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    03.27.17 Spring Break Pro Bono Highlights
    Students in the Dominican Republic

    Every spring break, many Brooklyn Law School students forego rest and relaxation in order to serve others by doing pro bono work. Through the Public Service Office’s alternative spring break program, 11 students traveled to one of three different sites: New Orleans, Miami, and Las Terrenas, Dominican Republic.

    In New Orleans, BLAST partnered with the Louisiana Civil Justice Center. The students volunteered at the Self-Help Desk in the civil court house, worked on family law motions and disaster response programs, and helped to organize the LCJC’s “Justice Tour,” which provides legal assistance to low-income and disaster-affected individuals in Louisiana.

    “I had a rewarding and great experience working for the Louisiana Civil Justice Center through BLAST,” said Dana Vasers ’18. “One of my favorite projects at LCJC was volunteering at the Self Help Desk in the civil court house. This is an office run by LCJC which aids pro se litigants with civil issues, such as divorce, custody and protection orders. I was able to see firsthand how valuable LCJC is to the community and speak with individuals in need of legal help who cannot afford an attorney.”

    In Miami, BLAST participants worked with the Miami-Dade Public Defender’s Office. Students reviewed expert witness testimony provided during pre-trial depositions of DUI cases. They also had opportunities to observe a felony trial, and watch seasoned litigators question witnesses and give persuasive summations.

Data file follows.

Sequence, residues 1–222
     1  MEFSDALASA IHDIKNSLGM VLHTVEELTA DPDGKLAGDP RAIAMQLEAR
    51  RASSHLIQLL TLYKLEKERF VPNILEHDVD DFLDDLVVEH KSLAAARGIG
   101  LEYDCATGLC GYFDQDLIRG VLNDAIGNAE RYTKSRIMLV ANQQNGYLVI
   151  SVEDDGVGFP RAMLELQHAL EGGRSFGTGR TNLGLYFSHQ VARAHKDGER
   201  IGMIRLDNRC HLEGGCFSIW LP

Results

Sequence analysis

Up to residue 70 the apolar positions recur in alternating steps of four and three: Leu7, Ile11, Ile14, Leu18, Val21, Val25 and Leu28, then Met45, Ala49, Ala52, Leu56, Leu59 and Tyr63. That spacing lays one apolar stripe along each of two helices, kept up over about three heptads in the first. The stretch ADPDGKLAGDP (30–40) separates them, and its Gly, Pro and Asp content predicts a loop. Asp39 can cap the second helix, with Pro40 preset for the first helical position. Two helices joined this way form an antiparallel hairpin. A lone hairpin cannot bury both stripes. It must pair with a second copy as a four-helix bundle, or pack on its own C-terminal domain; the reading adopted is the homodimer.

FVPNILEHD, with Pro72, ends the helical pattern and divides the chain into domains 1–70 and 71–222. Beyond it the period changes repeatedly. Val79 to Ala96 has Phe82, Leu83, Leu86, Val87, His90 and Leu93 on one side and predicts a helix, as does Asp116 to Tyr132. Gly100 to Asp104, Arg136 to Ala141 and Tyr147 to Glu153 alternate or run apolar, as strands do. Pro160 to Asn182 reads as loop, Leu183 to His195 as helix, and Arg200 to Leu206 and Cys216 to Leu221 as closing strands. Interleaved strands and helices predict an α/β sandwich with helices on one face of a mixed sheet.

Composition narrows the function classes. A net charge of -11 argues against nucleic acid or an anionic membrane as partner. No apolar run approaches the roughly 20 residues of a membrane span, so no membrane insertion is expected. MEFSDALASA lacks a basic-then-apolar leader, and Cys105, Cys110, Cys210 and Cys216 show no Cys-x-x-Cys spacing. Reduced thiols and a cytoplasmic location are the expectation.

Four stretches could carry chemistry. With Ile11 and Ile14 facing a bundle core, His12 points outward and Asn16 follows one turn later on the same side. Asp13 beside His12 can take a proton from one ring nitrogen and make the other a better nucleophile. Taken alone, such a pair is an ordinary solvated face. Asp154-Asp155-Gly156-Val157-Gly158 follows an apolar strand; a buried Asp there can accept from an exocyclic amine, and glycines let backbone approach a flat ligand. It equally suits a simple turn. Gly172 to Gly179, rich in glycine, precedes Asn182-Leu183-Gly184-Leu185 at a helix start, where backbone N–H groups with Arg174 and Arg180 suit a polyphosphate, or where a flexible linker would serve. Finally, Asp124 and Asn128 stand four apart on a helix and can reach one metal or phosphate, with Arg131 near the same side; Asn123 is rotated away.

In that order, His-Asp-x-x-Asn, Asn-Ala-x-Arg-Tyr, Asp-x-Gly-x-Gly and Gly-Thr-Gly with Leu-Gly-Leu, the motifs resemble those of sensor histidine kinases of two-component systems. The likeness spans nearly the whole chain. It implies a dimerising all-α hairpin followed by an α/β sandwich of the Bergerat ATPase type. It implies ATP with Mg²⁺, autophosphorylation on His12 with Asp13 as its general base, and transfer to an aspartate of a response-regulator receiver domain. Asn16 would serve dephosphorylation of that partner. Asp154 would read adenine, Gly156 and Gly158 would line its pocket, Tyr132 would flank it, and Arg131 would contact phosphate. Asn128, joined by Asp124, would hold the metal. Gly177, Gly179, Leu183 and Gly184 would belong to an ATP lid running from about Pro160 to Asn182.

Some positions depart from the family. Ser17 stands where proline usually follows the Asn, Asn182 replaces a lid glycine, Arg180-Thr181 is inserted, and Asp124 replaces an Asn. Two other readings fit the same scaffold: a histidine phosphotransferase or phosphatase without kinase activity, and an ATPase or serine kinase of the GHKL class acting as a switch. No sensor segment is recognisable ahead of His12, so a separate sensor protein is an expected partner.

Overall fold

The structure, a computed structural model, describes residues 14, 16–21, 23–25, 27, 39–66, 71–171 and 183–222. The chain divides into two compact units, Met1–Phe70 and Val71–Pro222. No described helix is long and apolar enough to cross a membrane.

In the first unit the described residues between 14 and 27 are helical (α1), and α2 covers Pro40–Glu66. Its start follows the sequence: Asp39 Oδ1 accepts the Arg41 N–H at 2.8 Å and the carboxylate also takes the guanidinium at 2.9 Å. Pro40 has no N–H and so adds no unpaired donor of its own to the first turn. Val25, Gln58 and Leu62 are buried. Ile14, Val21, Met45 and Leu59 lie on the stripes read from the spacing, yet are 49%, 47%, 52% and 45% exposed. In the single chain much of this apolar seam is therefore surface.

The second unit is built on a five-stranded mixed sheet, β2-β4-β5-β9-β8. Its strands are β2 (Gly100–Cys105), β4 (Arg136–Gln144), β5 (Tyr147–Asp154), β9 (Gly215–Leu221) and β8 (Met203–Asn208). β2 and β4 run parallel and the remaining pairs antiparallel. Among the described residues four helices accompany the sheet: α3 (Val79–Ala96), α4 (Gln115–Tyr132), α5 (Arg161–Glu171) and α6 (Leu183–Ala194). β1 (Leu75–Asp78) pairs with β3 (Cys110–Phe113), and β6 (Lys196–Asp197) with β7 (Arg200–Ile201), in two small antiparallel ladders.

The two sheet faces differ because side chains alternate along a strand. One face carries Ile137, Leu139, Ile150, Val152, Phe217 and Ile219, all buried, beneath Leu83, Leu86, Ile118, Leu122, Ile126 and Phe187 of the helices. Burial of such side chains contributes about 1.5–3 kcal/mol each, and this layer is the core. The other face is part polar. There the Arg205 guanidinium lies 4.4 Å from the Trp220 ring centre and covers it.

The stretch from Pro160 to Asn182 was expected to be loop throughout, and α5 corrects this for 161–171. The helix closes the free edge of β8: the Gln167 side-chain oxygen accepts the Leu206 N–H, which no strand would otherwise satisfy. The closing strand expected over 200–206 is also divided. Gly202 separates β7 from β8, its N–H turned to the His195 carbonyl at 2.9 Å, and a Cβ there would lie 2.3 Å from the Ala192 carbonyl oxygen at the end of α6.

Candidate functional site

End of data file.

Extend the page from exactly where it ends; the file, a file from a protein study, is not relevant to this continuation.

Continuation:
“I had the opportunity to work with some of the most knowledgeable attorneys in the field and was able to learn from their extensive experiences,” said Aiman Tariq ’19.Throughout the week, I and other students, were able to observe trial and other court proceedings.”

    During their trip to Las Terrenas in the Dominican Republic, students toured courthouses and firms, where judges and local attorneys discussed the Dominican legal system and answered their questions. Students also partnered with the firm Guzman Ariza to research Dominican law.

    They visited with Tribunal Superior Electoral (superior electoral court) Honorable Judge Mariano Rodriguez; Jurisdicción Inmobiliaria (Civil Court for Real Estate matters) Honorable Judge Lusnelda Solis; Camara Civil y Comercial de la Corte de Apelación del Distrito Nacional (National Court of Appeals); Honorable Judge Samuel Arias Arzeno; El Palacio de Justicia de Samana (Courthouse of Samana); CEMEX Dominicana in-house counsel Eduardo Antonio Risk; Mayor of the Municipality of Samaná, Nelson Nuñez; and Aura Celeste Fernandez, who was member of the commission that drafted the Constitution of the Dominican Republic, former Judge of the Electoral Court.

    “We learned about the civil law system and the functions and structure of the Superior Electoral Court and the Civil Court for Real Estate Matters, courts inexistent in the United States,” Valery Cury Sepulveda ’17 said. “At the other two courts, we learned more about their roles as judges, how they became judges and the challenges of their profession.  Additionally, we learned about the type of work done as an in-house counsel in a civil law country and in a multinational company as CEMEX.”

    In addition to the assistance of the Public Service Office, Karlamaria Cabral ’17 largely facilitated the Dominican Republic trip.

    Ephrata Zewde, Program Coordinator of the Public Service Law Center, described the spring break projects for the ABA Center for Pro Bono Exchange blog – click here to read.

    View photos from the Dominican Republic visit.